• close family • small boat • big world •


Nora at anchor in Falmouth Harbour, Antigua in 1999.

Nora: S&S Design 1574
Our first boat was Nora, a 41' 1960 Sparkman & Stephens-designed wooden yawl.  Nora is a fantastic boat. (She is still sailing). She is light but very strong, she is fast, and she is seakindly. Oh, and she's quite beautiful.

Nora anchored off Culebrita
We went cruising in Nora pre-kids in 1998 and 1999. The joke at that time was that the name NORA stood for "No Other Reasonable Alternative." It was a joke because many of our friends and relatives thought there were many reasonable alternatives other than selling our house and going sailing on an old wooden boat. (They were wrong.)

Paula sewing awning in Nora

Nora is a not a modern boat. She has a full keel with attached rudder (modified full keel, actually, with cut-away forefoot). Compared to today's 40 footers, she doesn't have much space. She has a traditional layout of a split V-berth and head forward; centerline table, settees, and pilot berths amidships; and nav station, companionway and galley aft. She also has a tiller rather than a wheel. She did carry radar, but she had no refrigeration, no SSB, no hot water, no pressure water, no shower, no chartplotter, and no roller furling. We didn't miss that stuff.

Greg on helm in Antigua Classics 1999.
Tactician Brian of Dragonfly aft.

Nora was a sweet sailing boat. Somebody that we raced against told me that she sailed like a witch. She was faster than people thought she should be, and she was weatherly. Our racing boat friends were very surprised at how fast she was even in light airs. She carried us safely over 1000s of miles. She got us on the cover of several sailing magazines. She easily took us the 980 nm from Antigua to Bermuda in mostly light to moderate winds in 6-1/2 days even with heaving to for 6 hours because of a 65 knot squall. We also raced in the 1999 Antigua Classic Regatta. We took fifth overall, but it was gratifying to be called "one of the most dangerous 40 footers" by Inverness, another S&S boat.

Son Cash, conceived on the
boat, revisits in 2000.

We eventually sold Nora as back-to-land stuff like infant kids and infant businesses sucked down our time and money. And she would have  been tight cruising with four people. But boy she was a great boat for us two. 

Nora is strip-planked. This means that instead of the traditional planking fastened to frames and caulked with oakum, her planks are edge-nailed and glued to the adjoining planks. This produces a very strong light hull. Eventually, designers and builders realized that this method produced so much strength in the planks themselves that they could reduce the size and/or increase the spacing of the frames. However, Nora was built pretty early as strip-planked boats go, and the builder, William Healy used the same frame size and spacing that he would have with a traditionally-planked hull, making Nora's hull extremely strong yet still very light. In fact, according to the S&S site, she's the first strip-planked S&S sailboat they are aware of.

William Healy had just left the Direktor boatyard to strike out on his own in Miami when he built Nora.  He built her well:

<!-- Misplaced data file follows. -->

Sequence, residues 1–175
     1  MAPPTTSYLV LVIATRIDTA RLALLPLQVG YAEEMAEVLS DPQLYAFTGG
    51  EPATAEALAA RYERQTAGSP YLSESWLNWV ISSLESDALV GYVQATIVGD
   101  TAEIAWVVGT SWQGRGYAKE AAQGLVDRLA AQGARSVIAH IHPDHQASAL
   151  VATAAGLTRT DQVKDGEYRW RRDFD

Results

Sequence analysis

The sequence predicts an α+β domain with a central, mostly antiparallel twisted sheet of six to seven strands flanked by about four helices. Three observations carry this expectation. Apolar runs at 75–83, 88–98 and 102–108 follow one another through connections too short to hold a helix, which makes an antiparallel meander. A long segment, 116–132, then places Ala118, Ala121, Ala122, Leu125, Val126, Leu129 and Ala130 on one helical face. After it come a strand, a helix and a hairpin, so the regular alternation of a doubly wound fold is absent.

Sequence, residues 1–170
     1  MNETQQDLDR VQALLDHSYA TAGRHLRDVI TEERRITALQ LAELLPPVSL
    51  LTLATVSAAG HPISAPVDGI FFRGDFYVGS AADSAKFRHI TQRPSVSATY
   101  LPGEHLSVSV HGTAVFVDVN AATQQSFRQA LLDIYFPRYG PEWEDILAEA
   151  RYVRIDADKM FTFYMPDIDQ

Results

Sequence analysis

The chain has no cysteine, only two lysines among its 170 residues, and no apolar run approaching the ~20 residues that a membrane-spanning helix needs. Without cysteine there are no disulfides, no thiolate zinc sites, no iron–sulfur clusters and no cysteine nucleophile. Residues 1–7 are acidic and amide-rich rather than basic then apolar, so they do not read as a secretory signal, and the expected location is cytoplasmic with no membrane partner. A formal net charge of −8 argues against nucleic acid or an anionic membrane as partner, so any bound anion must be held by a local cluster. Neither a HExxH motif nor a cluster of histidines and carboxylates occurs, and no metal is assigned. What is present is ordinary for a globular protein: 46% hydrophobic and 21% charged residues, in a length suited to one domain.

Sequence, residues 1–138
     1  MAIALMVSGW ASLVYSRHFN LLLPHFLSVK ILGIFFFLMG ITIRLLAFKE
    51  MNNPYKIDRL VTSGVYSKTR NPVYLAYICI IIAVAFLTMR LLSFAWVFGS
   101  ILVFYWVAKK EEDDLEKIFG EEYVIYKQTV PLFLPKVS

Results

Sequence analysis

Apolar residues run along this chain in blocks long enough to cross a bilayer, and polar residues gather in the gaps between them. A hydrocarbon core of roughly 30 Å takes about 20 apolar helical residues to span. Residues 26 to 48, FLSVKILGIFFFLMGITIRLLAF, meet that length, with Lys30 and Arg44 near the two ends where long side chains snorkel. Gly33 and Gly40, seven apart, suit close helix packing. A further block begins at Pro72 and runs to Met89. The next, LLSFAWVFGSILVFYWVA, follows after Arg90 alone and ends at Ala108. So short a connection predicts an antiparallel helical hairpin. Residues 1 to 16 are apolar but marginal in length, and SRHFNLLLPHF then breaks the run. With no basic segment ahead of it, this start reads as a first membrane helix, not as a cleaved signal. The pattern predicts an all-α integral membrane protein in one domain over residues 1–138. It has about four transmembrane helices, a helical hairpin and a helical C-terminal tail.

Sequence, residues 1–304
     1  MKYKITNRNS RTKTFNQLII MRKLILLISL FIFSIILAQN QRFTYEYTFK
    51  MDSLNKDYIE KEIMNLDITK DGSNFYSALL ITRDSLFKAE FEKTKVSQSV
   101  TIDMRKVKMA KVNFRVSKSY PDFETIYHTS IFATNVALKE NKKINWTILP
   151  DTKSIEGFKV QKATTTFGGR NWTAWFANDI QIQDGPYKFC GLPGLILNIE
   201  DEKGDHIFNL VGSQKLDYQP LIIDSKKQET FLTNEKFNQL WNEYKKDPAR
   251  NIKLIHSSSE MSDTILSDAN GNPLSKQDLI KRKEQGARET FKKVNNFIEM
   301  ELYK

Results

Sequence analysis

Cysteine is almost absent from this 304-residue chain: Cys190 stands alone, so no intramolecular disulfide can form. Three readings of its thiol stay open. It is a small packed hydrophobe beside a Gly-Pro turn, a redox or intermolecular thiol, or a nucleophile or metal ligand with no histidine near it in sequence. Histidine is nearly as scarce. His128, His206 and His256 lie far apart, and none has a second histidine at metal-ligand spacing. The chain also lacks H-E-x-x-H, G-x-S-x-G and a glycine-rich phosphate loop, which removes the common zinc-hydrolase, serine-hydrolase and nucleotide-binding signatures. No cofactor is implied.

Nora outboard profile drawing
"Dense dark red Philippine mahogany concave and convex edged stripped planking, edge fastened and Resorcinol glued over laminated oak frames on 10" centers.  Everdur bronze screw fastened.  Hull heavily bronze strapped in the area of the chainplates with custom bronze floor timbers, and bronze maststep and webbing extending outward into the hull.  Bronze protection plates let in along the centerline from stem to stern including the rudder. There is no exposed wood edge underwater.  Green heart backbone. 1-7/8" bronze rudder post.

Direktor focused on big boats at the time, so we think the extra large dorade cowls were a result of Healey's connections to the big boat world.  They are definitely the largest I've seen on a boat that size, and they kept the below decks very cool. And those bronze bands around the mainmast were reinforcement for the spinnaker pole track. (The spars were Sitka Spruce).

Easy-going on the ICW. By the way, Grape-Nuts, shown here,
is a great boat cereal because it's so dense. Just wish I could
I could get my kids to eat it.

Every above-deck fitting on Nora was bronze. This includes winches, turnbuckles, stanchion posts, and mast and  boom hardware. It isn't used much today because it's expensive and heavier than stainless steel, but it is great stuff.  Unlike "stainless" steel, it corrodes to a lovely green blue and then stops corroding. (I don't know why anyone would polish bronze). Also unlike stainless, it is ductile, so it tends to give notice before failing rather than failing suddenly.

Anyway, that's Nora.

Long may she sail.

Tortola to St. Barts passage, 1999.

These are not the clothes of people who cruise on small sailboats, at least not in those
days. They are Patagonia clothes for (hopeful) catalog pictures. We did get to keep
them though.(Greg is not deformed. That's a coiled piece of line in his pocket).

Patagonia Catalog.  And I thought all those Patagonia
catalog people were just models pretending to do stuff.

This is an Australian magazine. Market research no doubt determined that
it would be far better to leave Greg out of the picture. Oh the irony.

Nora "bedded down" for hurricane Georges, 1998, Luperon, Dominican Republic -
tied into the mangroves, keel stuck into the mud, three anchors set off the stern,
sails off, and everything else above deck off that would come off.